Thanks - that's another bit of knowledge stored away!

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Of course, I didn't end up actually setting up the stroke with the 3i, so it's possible I would've been required to take relief for that stroke too.

But that is a really important distinction.  The 3 iron stance and swing was your original intention, so you are required to take full relief for that shot.  If your ball ended in a good lie that had you still standing in the ditch with your 3 iron, you would have to re-drop or incur the aforementioned "Rory penalty."  The relevant line in @Fourputt 's decision is:

" If the player used a wedge for his next stroke he would not have interference from the ground under repair"

Only if it was a legal drop for the 3 iron would you then have been able to play it where it was with the 2 hybrid without re-dropping.

At least, that is how I understand it.

This is somewhat similar to what I learned in a thread last year in regards to relief near an OB fence .  (Be careful, it seems confusing) ;)

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Thanks - that's another bit of knowledge stored away!

[quote name="mdl" url="/t/72699/must-you-succeed-in-relief-from-immovable-obstruction#post_954446"]Oooh.  Thanks @Fourputt!  Of course, I didn't end up actually setting up the stroke with the 3i, so it's possible I would've been required to take relief for that stroke too. [/quote] Further - nearly all of these drains have grating over the top of them for safey. Perhaps they are not considered an "open water course".

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Thanks again.  That makes it easier to understand in terms of  the Definition of a water hazard.

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But that is a really important distinction.  The 3 iron stance and swing was your original intention, so you are required to take full relief for that shot.  If your ball ended in a good lie that had you still standing in the ditch with your 3 iron, you would have to re-drop or incur the aforementioned "Rory penalty."  The relevant line in @Fourputt's decision is:

"If the player used a wedge for his next stroke he would not have interference from the ground under repair"

Only if it was a legal drop for the 3 iron would you then have been able to play it where it was with the 2 hybrid without re-dropping.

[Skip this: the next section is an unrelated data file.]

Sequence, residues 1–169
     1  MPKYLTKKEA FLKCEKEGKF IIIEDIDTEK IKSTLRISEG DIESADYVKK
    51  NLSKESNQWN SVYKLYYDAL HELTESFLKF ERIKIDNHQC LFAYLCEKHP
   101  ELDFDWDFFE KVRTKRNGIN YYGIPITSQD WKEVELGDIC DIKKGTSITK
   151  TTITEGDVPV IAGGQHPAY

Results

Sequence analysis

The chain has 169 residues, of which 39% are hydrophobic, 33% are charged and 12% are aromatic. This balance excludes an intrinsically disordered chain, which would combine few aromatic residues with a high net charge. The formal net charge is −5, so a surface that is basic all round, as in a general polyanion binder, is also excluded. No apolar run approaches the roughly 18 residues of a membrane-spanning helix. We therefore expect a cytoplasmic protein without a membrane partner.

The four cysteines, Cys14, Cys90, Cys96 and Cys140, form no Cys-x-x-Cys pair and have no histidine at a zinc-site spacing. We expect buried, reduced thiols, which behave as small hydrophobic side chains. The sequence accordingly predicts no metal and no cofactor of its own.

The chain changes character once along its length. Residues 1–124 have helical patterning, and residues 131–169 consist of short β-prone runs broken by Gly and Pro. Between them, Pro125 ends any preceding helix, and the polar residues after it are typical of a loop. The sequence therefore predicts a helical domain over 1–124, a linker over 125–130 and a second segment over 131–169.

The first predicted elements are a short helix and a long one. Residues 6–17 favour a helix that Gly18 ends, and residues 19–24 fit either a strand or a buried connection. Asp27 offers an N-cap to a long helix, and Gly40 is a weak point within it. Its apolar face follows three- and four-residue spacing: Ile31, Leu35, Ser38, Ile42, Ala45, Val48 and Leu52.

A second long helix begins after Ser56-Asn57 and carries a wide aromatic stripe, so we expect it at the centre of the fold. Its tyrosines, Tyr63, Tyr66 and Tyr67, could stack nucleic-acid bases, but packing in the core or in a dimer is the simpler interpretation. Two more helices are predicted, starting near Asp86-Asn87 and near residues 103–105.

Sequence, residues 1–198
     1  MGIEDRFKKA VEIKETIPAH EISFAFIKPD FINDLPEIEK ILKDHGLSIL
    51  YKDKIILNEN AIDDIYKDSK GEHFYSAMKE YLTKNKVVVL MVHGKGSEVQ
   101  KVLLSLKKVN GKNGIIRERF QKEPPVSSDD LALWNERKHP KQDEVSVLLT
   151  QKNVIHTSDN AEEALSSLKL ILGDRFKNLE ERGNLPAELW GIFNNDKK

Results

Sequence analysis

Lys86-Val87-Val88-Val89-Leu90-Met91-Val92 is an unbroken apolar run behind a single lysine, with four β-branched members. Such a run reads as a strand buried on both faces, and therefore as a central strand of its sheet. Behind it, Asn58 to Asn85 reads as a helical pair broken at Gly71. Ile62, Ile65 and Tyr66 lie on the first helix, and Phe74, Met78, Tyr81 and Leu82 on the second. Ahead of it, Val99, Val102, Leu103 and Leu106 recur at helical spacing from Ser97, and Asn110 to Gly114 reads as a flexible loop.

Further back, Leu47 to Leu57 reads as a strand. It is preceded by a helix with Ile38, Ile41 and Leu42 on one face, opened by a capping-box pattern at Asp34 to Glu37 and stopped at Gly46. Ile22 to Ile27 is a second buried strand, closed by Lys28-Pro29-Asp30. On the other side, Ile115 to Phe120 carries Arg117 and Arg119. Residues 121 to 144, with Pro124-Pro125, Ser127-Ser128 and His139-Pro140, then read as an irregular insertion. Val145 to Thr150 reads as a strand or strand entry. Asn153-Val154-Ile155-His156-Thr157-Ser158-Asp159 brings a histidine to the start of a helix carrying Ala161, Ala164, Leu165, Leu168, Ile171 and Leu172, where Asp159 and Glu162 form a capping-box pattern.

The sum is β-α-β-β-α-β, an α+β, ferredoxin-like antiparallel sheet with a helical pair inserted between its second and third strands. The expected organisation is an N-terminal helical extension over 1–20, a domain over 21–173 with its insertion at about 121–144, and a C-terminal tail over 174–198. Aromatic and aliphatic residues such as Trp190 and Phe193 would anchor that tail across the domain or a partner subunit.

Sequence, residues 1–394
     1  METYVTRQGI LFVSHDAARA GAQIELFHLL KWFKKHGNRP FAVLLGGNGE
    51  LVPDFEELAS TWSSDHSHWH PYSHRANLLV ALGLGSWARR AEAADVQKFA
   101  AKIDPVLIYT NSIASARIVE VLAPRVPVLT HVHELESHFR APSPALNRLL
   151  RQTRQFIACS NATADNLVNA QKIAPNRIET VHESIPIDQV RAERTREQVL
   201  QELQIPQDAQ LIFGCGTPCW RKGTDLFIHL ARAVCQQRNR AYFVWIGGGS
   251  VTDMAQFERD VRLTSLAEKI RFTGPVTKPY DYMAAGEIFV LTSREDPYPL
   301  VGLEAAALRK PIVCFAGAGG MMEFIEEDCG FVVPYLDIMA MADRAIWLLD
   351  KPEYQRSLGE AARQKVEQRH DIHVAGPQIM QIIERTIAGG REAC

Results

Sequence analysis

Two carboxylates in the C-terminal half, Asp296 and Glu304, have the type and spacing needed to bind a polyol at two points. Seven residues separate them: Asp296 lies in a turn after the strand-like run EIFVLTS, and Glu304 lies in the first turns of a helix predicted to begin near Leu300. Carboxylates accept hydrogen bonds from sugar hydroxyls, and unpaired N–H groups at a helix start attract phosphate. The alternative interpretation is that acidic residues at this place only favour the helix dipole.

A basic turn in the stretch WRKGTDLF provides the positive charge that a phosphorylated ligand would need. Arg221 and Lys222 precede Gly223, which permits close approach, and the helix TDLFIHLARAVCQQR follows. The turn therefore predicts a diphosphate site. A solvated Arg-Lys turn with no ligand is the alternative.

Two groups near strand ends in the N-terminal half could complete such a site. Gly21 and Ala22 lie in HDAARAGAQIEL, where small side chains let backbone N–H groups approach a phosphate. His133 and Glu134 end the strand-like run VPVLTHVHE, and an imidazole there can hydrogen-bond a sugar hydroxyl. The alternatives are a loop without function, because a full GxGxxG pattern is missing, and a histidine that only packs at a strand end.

Yeah that's what I meant pointing out that I didn't actually check to see if it was a legal drop for the 3i, so it's possible I played within the rules but also not.  I was just glad that @Fourputt pointed out it's at least possible I played within the rules.

Side question: have I been wrong all these years thinking you could define one club length as the length of any club in your bag, rather than the length of the club you intend to take a stroke with?  I thought I'd heard that in relationship to the broomstick putters and people complaining it gave an unfair advantage to players who had a 50+" club.  I'd assumed that meant you could use any club in your bag cause rarely are you taking a drop from somewhere and planning on using your broomstick putter for the next stroke.  But I've just started playing tournaments where I feel it's important to be super exacting about these things, to within an inch or three, so I've never double checked.  And in this case I ended up dropping the ball so it hit the ground where it would've been within one club length using my 60˚, so it didn't matter for that part of the rule.  Just wondering.

Further - nearly all of these drains have grating over the top of them for safey. Perhaps they are not considered an "open water course".

The open concrete drainage ditches classified as immovable obstructions and not water hazards are pretty common where I play.  They're basically very shallow uncovered concrete Vs running at the bottom of natural Vs in the ground that are dry 99.9% of the time.  This one's along the side of the fairway.  The course has a couple others some along the fairways and others crossing them.